- Facility-initiated discharges that do not honor the resident’s right to return following hospitalization or therapeutic leave must provide clear documentation as to the basis for the decision for discharge. The facility must conduct and document an appropriate assessment to determine whether revisions to the care plan would allow the facility to meet the resident’s needs.
- For facility-initiated transfer/discharges related to the facility’s inability to meet the resident’s needs, or if the resident has improved sufficiently and is no longer in need of care and/or services of the facility, the resident’s physician or a non- physician practitioner must document the specific needs that could not be met, the efforts made to meet the needs, and the services provided at the receiving facility to meet the needs.
- Specific medical record information must be provided to the receiving provider/facility depending on whether or not the resident is expected to return, including the resident’s comprehensive care plan goals. If the care plan information cannot be provided prior to urgent transfers, it must be conveyed as soon as possible after the actual time of transfer. The facility may choose their own method of communicating the transfer/discharge information, provided the required elements are included.
- For facility-initiated transfer/discharges, a notice must be provided to the resident and the resident’s representative, which states the reasons for the move. A copy of the notice must also be sent to a representative of the State LTC Ombudsman Office prior to or as close as possible to the time of transfer/discharge. For emergent transfers to the hospital, the notice to the resident and representative must be provided as soon as practical. The notification to the Ombudsman can be included in a list that is provided monthly. This notice requirement is distinct from the bed hold notice requirement.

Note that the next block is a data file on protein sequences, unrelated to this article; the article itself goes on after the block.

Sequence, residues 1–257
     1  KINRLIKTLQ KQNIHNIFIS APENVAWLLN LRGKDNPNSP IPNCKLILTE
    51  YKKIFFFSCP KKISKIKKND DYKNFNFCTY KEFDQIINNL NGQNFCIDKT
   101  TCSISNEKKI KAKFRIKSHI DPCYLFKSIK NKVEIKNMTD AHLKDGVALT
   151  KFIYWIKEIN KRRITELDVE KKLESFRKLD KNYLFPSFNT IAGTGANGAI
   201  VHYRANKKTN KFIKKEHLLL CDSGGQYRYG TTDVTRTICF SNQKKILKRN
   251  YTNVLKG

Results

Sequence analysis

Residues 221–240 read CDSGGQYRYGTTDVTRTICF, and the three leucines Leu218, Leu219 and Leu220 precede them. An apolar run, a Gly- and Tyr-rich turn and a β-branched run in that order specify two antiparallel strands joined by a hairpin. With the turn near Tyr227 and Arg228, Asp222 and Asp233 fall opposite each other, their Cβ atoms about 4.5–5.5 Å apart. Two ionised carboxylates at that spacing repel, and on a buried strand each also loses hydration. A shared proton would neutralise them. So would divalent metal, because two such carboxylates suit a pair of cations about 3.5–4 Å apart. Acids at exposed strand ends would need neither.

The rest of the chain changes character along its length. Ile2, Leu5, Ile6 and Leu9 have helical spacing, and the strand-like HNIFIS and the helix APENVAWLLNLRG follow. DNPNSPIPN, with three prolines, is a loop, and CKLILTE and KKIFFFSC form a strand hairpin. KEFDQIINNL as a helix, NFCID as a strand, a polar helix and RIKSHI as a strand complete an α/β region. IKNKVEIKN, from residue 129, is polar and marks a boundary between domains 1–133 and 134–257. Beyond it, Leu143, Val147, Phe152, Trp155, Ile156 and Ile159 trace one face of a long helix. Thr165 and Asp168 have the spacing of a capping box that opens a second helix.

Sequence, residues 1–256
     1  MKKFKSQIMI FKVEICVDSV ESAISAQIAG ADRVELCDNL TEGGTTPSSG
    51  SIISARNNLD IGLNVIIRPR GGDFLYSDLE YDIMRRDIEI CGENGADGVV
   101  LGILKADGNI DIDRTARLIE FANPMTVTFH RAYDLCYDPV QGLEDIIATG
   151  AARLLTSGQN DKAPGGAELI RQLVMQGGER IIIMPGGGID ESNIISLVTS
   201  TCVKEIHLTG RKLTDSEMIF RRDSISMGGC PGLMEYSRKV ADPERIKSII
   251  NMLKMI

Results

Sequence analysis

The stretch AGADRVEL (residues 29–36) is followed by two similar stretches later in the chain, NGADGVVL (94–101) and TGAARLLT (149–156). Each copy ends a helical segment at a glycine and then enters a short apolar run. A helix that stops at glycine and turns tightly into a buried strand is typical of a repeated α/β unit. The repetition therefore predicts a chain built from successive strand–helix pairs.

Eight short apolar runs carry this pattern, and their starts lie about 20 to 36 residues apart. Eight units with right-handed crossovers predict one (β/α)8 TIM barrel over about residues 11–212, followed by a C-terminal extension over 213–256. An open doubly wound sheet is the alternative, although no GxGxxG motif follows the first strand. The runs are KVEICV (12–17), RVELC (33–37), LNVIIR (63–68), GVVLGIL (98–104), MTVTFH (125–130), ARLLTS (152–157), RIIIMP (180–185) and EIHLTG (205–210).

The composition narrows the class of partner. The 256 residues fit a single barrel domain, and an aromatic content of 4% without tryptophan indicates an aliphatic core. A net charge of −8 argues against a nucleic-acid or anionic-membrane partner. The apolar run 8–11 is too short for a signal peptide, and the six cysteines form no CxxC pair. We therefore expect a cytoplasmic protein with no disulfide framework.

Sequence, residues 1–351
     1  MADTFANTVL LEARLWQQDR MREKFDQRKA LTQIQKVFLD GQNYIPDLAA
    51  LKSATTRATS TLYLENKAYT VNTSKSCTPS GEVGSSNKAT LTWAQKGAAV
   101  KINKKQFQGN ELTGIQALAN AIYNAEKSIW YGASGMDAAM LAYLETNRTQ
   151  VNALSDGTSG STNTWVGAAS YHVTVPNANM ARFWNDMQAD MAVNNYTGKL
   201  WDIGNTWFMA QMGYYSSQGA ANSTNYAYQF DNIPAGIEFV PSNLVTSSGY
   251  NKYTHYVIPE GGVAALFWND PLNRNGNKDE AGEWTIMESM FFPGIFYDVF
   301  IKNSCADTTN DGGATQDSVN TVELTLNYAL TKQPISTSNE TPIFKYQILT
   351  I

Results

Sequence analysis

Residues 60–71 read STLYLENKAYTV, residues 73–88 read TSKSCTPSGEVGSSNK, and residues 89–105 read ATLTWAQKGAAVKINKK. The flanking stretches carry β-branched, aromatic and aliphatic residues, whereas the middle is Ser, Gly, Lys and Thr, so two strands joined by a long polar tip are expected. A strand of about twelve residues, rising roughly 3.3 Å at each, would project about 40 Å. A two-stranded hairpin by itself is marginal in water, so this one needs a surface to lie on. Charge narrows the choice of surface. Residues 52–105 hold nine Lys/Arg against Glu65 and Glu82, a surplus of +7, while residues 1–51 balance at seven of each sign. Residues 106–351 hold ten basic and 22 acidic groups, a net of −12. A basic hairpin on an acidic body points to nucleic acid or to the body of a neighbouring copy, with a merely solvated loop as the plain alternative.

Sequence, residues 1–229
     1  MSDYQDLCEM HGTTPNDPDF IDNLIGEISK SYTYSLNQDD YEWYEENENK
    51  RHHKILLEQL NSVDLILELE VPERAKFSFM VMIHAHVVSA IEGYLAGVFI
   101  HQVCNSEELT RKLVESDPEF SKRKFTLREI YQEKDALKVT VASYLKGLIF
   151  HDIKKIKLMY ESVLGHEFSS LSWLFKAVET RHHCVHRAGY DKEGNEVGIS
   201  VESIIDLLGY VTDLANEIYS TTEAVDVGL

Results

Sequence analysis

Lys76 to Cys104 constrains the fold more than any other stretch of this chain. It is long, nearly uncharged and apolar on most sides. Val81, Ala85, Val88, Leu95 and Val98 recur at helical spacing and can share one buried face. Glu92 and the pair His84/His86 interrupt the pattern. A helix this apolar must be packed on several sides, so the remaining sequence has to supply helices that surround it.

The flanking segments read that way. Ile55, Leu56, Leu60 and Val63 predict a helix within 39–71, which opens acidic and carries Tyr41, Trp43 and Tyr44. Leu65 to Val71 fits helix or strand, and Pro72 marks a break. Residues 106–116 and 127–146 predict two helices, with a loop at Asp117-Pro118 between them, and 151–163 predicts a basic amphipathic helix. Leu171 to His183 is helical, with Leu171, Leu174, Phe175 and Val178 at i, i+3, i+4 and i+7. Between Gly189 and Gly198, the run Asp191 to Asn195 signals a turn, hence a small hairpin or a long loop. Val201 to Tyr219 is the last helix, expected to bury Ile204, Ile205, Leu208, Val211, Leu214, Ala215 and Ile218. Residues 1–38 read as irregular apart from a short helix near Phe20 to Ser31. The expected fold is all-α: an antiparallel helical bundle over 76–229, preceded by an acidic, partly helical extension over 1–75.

- The facility is required to prepare and orient the resident as to where they are being transferred, and to take steps to minimize their anxiety. The new facility orientation must be documented in the medical record.
- Bed hold notices must be provided to the resident or his/her representative at the time of transfer, or within 24 hours in cases of emergency. It is expected that facilities will document multiple attempts to reach the resident’s representative in cases where the facility was unable to notify them within those timeframes.
DETERMINE YOUR FACILITY’S COMPLIANCE
It is important that facilities identify any areas of vulnerability with respect to the admission, transfer, and discharge requirements prior to a survey under the new Interpretive Guidance and survey process. Specific steps may include:
- Reviewing the admission packet to ensure that all required documentation is provided;
- Reviewing processes and required documentation for all hospital transfers, including the information provided to the receiving facility to ensure that all required elements are included;
- Reviewing the medical records of residents recently transferred and/or discharged, to identify any potential areas of noncompliance with the new requirements;
- Providing staff education on the new requirements so staff can adequately address surveyor questions during the survey process.
For more information or assistance, please contact Joanne Jones, RN Director of Clinical Consulting at email@example.com.